Considering Japan's National Fundamentals: A Seminar in the U.S.
Takahiro MIYAO (Professor and Head, Japanese Institute of Global Communications, IUJ)
|Special Seminar in Los Angeles
|Date/Time:||July 5 (Saturday) 19:00-21:45 |
|Place:||New Gardena Hotel, Gardena, California, USA|
Main Theme: Supporting Japan' s Efforts to Consider Its National Fundamentals|
Introduction & Video Presentation
Coordinator Sadao Imamori (Modern & Contemporary History Study Group)
Professor Koichi Mera (University of Southern California) and other Japanese residents in Los Angeles
Coordinator Sadao Imamori
|Organizers:|| Modern & Contemporary History Study Group, Los Angeles|
On July 5, there was a special seminar held at a hotel in the Los Angeles area to consider Japan's "national fundamentals," that is, fundamental issues such as Japan's national origin, ideal, identity, history, etc. The seminar was organized by members of Modern & Contemporary History Study Group in support of a think tank, JINF (Japan Institute for National Fundamentals), headed by well-known journalist Yoshiko Sakurai.
After a brief introduction by the organizer, Sadao Imamori, and a video presentation of various activities to initiate JINF in Japan, a number of speakers took turns to express their thoughts on Japan's fundamental issues from their viewpoints. One of the most impressive talks was given by a UCLA student, who had an unforgettable experience when she was confronted by an American teacher in his class with a strong accusation of Japan's "unfairness" in the attack on Pearl Harbor, but was not able to respond to him at all, when she was a community college student. Since then she has been studying modern and contemporary history about Japan and the U.S. all by herself in order to learn about the truth and background of the war between the two nations. As a result, she has realized that Japan was not entirely at fault in various incidents, including the Pearl Harbor attack, leading to the Pacific war.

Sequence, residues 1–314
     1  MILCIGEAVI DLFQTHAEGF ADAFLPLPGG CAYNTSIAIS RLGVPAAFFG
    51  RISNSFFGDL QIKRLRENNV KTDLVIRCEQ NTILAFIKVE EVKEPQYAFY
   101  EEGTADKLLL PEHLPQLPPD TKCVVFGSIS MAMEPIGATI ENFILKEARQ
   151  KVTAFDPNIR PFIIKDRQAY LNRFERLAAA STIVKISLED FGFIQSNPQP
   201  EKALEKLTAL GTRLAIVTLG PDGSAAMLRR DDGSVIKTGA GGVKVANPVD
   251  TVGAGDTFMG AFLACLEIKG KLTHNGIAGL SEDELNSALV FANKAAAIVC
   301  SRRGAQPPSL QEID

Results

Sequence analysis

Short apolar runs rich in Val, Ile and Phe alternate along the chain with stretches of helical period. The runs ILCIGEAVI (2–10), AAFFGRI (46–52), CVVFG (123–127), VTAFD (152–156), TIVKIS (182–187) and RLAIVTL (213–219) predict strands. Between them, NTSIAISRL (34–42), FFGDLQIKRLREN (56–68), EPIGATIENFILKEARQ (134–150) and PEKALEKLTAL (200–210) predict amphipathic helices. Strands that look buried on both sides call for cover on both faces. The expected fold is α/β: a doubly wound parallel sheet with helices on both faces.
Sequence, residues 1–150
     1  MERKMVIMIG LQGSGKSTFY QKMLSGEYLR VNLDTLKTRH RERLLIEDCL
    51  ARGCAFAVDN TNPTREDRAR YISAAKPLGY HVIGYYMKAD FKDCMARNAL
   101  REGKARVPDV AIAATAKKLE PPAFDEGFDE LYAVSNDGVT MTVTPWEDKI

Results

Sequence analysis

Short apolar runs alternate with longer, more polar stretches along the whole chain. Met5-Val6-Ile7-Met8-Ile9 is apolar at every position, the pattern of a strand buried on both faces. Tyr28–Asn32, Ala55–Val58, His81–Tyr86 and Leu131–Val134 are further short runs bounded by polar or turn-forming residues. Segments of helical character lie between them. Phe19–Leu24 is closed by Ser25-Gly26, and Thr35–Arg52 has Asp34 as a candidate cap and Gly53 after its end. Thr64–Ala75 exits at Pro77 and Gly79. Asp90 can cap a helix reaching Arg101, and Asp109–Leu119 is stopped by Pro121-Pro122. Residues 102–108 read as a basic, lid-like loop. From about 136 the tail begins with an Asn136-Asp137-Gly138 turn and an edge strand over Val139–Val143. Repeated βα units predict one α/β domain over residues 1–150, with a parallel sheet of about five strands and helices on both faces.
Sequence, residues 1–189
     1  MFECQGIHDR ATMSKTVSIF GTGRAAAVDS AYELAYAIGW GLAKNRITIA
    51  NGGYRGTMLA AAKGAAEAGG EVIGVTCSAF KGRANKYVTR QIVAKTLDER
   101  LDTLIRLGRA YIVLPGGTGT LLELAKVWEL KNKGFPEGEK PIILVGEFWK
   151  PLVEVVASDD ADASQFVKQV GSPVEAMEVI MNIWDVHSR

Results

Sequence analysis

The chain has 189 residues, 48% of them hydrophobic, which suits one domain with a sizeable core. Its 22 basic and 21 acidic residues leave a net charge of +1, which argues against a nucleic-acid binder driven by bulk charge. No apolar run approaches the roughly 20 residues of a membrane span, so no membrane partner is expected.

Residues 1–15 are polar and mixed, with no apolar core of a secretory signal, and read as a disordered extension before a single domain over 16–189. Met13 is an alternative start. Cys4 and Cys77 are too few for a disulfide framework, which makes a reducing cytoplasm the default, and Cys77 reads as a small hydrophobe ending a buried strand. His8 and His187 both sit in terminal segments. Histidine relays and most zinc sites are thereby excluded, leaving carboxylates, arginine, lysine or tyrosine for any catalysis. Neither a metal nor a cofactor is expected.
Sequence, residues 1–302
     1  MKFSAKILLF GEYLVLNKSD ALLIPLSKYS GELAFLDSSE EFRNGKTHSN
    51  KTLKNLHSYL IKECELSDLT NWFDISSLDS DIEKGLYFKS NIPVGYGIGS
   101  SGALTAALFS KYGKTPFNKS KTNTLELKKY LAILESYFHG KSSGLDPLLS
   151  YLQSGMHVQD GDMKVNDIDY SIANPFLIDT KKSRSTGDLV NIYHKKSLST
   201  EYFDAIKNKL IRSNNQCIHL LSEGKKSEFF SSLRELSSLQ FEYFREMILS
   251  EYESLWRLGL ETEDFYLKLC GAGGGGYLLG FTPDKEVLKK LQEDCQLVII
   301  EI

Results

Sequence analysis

Similar points were made by USC Professor Koichi Mera, who emphasized that those stories told by foreign governments and scholars about the wrongdoings and brutalities of Japanese people or military during the war should be carefully interpreted, as most of the accusations in those stories are dubious to say the least and often deliberately falsified. We need to study modern history about western powers' presence and Japan's response in the Asia-Pacific region without distortions, which are almost inevitable if we take the viewpoint of foreign countries, according to Prof. Mera. It is interesting to note that an internationally minded person like him with his academic and professional career mostly in the U.S., as well as international organizations has come to a conclusion that Japanese people must establish their identity as Japanese by studying their own history from their own viewpoint, instead of the "anti-Japanese" viewpoint.
Other speakers also shared their views and experiences with the audience and expressed their support for JINF and its president Yoshiko Sakurai, who has been trying hard to regain self-esteem and self-confidence on the part of the Japanese public, often "falsely" accused by neighboring countries on some historical matters. In conclusion, Mr. Imamori pointed out that the seminar was a first step for Japanese nationals living in the Los Angeles area to take Japan's fundamental issues seriously and work together to see Japan reborn as an independent nation.
This report is adopted from the following blog (with its Japanese translation):